Program

Jan 16, 2013

OVERVIEW

The Nutrition and
Physical Activity Self-Assessment for Child Care (NAP SACC) is a provider-based
program that is implemented in child care centers. This program is designed to
promote healthy weight development in preschool children by improving the
nutritional quality of food served, amount and quality of physical activity,
staff-child interactions, facility nutrition and physical activity policies and
practices, and related environmental characteristics. NAP SACC includes a
5-step intervention to help facilitate gradual change and promote continuous
quality improvement.

A randomized
controlled study using a sample of child care health consultants and child care
centers yielded non-significant results.

DESCRIPTION OF PROGRAM

Target
population:
Preschool Children (ages 2 – 5 years) attending Child
Care
Centers and their Health
Providers.

NAP SACC is a provider-based program
designed to promote healthy weight development in preschool children. The NAP
SACC intervention consists of five steps: (1) self assessment, (2) action
planning, (3) continuing education workshops, (4) technical assistance, and (5)
re-assessment. This intervention is facilitated by trained child care health
consultants. The consultants are required to complete three in-person training
sessions that are three hours in length or web-based training which is
approximately 124 minutes in length. During the self-assessment period, an
assessment of the child care facility’s strengths and
limitations with regard to 14 areas of nutrition and physical activity policy
is conducted.

The program costs are low. It includes the cost of hiring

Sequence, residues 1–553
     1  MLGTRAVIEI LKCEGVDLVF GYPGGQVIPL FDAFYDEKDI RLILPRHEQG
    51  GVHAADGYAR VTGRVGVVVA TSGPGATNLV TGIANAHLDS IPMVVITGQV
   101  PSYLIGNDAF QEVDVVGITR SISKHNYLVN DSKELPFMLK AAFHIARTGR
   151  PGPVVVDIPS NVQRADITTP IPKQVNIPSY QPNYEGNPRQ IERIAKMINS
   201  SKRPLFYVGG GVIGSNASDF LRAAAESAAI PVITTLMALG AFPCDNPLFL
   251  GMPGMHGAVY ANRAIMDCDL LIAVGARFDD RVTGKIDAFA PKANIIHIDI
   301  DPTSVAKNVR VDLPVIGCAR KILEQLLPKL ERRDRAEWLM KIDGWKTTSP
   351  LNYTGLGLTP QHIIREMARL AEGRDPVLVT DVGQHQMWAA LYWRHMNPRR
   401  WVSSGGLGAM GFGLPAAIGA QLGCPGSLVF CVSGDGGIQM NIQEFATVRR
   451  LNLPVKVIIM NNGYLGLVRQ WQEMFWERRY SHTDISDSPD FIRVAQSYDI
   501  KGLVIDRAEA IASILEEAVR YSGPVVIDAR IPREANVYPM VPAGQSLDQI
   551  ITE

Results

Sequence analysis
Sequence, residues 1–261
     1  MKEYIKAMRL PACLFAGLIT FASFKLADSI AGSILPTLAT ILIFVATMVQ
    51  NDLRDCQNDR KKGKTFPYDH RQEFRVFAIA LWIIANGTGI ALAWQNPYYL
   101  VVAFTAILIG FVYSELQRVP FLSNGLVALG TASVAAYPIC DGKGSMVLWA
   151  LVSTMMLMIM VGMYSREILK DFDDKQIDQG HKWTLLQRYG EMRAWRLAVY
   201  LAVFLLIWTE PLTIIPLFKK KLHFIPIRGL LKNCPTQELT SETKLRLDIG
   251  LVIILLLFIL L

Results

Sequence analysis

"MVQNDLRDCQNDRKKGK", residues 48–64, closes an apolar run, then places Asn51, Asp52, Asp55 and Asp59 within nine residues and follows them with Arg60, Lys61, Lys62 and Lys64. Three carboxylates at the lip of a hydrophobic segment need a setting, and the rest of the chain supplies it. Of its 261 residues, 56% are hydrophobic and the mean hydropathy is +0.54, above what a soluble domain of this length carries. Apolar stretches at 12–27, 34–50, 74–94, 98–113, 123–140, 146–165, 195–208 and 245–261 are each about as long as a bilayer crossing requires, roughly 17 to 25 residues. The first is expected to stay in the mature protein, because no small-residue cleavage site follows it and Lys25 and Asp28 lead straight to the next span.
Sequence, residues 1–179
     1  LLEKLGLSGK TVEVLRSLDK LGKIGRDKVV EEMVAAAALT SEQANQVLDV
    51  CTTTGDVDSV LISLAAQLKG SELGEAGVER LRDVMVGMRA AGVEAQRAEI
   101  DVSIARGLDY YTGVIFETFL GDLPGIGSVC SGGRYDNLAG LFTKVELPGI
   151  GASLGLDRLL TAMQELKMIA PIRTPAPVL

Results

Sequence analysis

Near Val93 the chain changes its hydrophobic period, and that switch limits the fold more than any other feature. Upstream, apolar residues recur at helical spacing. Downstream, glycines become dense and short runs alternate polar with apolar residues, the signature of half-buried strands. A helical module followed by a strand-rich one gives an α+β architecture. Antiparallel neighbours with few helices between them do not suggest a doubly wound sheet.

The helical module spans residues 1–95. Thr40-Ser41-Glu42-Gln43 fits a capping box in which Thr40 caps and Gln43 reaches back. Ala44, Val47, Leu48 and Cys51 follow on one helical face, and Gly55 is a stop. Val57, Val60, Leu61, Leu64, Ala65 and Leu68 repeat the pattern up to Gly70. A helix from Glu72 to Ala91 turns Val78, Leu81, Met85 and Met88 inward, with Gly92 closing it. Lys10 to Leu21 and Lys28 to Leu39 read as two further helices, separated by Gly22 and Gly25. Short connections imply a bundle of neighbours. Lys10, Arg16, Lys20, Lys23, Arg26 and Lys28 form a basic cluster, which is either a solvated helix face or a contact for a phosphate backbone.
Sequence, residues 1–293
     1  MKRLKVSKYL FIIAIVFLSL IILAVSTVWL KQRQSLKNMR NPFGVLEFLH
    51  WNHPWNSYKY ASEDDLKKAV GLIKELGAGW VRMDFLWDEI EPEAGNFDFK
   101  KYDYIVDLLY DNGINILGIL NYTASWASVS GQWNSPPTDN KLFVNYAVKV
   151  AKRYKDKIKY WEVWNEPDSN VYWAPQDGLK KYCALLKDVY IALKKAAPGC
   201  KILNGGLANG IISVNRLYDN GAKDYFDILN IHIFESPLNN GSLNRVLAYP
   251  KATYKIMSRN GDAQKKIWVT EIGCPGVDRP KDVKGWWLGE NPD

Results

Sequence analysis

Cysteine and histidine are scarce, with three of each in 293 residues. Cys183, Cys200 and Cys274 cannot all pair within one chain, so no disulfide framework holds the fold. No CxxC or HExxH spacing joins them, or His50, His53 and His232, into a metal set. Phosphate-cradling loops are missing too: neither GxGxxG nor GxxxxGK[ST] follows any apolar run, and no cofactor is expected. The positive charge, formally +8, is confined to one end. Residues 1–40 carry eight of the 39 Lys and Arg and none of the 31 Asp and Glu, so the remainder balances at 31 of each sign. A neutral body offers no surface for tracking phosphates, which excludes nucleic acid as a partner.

one health professional to work as a health consultant .0375 FTE (approximately
1 hour and 20 minutes per week) for 6 months. Each toolkit costs about $38 to
create. Finally, funding must be allocated to: a) printing and copying costs;
b) incentives for child care facilities such as gift cards for classroom
supplies, books, balls, etc.; and (c) mileage reimbursement for travel to child
care facilities.

EVALUATION(S) OF PROGRAM

Ward, Dianne
S., Benjamin, Sara E., Ammerman, Alice S., Ball,
Sarah C., Neelon, Brian H, Bangdiwala,
Shrikant
I. (2008). Nutrition and Physical
Activity in Child Care: Results from an Environmental Intervention. American
Journal of Preventive Medicine,
35(4), 352-356.

Evaluated
population: 
The sample consisted of 84 child care centers.

Approach: The
child care health consultants were randomized into intervention (n= 19) and
control (n=10) groups. Approximately three child care centers were recruited
from consultants’ existing caseloads, yielding 84 eligible childcare centers
(58 intervention, 26 control). During the
intervention, two centers assigned to the intervention closed and were excluded
from the study centers. In order to be eligible for the study the child care
centers must have between 20-150 children enrolled at the time of the study,
not be restricted to a special population, and have no open cases of abuse or
neglect. The intervention centers had a slightly higher percentage of nonwhite
children (40%) that the control centers (35%). Other than child race/ethnicity
no other significant differences between intervention and control centers were
present.

The Environment